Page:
Apple’s Factories Are “Sweatshops” — But They’re Better Than Competition, Says Labor Activist



Labor activist Qiang Li of China Labor Watch
Apple is doing a better job auditing its suppliers than it’s competitors, says a China labor activist.

Labor activist Qiang Li says Apple is doing a much better job of monitoring factory conditions than Dell, Hewlett-Packard, Nokia and many others.

“I compared Apple with other cell phone companies, such as Nokia. And the conditions in those factories are worse than the ones of Apple,” he said.

However, Li says that conditions in the supply chain are not the responsibility of the suppliers themselves or the Chinese government. Apple ultimately bears responsibility, and the company should spend some of its record profits in improving conditions.

Li is the founder of China Labor Watch, the leading advocacy group that helped the New York Times investigate conditions in Chinese electronics factories, which has helped re-ignite the debate about conditions.

“Although I know that the iPhone 4 is made at sweat shop factories in China, I still think that this is the only choice, because Apple is actually one of the best,” Li told Laptop magazine.

Li praised Apple for disclosing the problems it has uncovered at it suppliers, especially because Apple’s reports are so serious and disturbing. He noted that competitors like HP and Dell haven’t been anywhere near as forthcoming.

He said Foxconn, which is infamous because of employee suicides, is actually one of the best places to work in the supply chain. Foxconn is a hard place to work, with long hours, grueling deadlines and abusive management. But pay and benefits are higher, Foxconn workers receive health and safety training, are properly equipped, and the plants are checked daily for safety compliance, according to a China Labor Watch report (“Tragedies of Globalization: The Truth Behind Electronics Sweatshops”)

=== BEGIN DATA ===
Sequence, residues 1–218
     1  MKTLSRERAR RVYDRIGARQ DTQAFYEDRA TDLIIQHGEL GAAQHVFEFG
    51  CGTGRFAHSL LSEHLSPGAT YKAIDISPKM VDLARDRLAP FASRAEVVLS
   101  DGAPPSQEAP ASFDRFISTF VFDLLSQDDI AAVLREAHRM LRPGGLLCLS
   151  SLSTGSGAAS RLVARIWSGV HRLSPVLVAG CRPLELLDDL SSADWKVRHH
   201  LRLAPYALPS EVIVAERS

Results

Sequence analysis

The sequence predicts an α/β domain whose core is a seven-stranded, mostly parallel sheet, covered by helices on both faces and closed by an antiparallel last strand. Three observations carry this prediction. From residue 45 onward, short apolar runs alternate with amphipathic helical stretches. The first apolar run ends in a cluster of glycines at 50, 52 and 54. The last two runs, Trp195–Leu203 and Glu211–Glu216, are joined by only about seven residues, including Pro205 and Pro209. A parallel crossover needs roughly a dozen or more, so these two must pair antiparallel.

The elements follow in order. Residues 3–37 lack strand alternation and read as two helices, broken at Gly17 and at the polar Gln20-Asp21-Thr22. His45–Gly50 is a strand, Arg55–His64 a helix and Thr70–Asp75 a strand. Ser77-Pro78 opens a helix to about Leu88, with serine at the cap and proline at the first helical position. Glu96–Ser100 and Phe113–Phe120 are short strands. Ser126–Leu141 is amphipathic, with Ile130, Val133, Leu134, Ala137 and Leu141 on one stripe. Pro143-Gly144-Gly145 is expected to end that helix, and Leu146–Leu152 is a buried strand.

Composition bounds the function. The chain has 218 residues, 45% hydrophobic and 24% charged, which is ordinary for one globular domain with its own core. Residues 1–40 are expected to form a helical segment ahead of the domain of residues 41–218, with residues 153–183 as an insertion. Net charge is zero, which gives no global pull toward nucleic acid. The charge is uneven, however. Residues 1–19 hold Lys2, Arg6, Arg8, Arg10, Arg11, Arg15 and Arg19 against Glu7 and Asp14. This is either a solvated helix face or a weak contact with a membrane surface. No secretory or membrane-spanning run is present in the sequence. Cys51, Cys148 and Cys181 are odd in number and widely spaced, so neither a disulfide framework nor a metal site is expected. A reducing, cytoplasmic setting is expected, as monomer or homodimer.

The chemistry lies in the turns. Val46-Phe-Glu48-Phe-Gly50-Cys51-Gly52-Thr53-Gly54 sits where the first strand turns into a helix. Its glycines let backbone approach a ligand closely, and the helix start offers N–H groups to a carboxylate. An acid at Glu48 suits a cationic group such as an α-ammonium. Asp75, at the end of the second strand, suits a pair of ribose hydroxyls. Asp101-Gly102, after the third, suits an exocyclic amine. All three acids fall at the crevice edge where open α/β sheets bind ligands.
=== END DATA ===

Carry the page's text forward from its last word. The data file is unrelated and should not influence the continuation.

“Foxconn is not good,” Li told the New York Times. “But if we compare all industries, electronics, textile, toys, Foxconn is one of the best.”

Li compared Foxconn to Compal Electronics, which has much poorer safety practices.

At Compal Electronics, a huge supplier that manufactures notebooks for Dell, HP, Lenovo and Toshiba, workers reported that the company does not provide face masks or ear plugs, despite loud noises. Apparently, there was not even a first-aid kit available. “In the event of an injury,” Labor Watch writes, “the workshop manager will give the injured worker some cotton to cover up their injury.”

But even though Apple does more than it competitors, it is ultimately responsible for the conditions at suppliers’ factories, Li argues.

Reading about the abusive managers, poor safety conditions, filthy living accommodations, long hours, and low wages, it’s tempting to blame the suppliers who run the factories or government authorities who are charged with enforcing China’s 2008 Labor Law. According to Li, China’s Bureau of Labor is limited in its abilities by local governments that receive tax revenue from the factories, but don’t have to provide benefits to what they classify migrant workers. The suppliers, he says, are also limited, because of price and production pressures from Apple and the other OEMs.

“If Apple still lowers their prices and doesn’t give enough profits to the factories, then the factories don’t have money to improve the labor conditions,” he said. “So it’s always the problem of Apple and not the problem of factories. We can see that Apple is trying to put all the responsibility on the factories by releasing the supplier factory list and trying to put the factories into the focus of the immediate public, but we think that Apple should do more to make a positive change in the whole system.”

Though he believes that Apple has done a better job of inspecting its factories than others, Li maintains that the public is right to put more pressure on Tim Cook’s company than its competitors who have the same problems. Because Apple makes the most profit, he reasons, it also bears the most responsibility for fixing a broken system. He maintains that it wouldn’t take more than 2-percent of Apple’s profits to dramatically improve workers’ lives in China while companies such as Dell and HP would have to spend more.

“Although we think Apple is among the best in terms of auditing, we still think that Apple can do more because it is the most profitable company in the world,” he said. “As soon as Apple is willing to give a small percentage of its profits, the workers can benefit a lot. But Apple is not willing to do that.”


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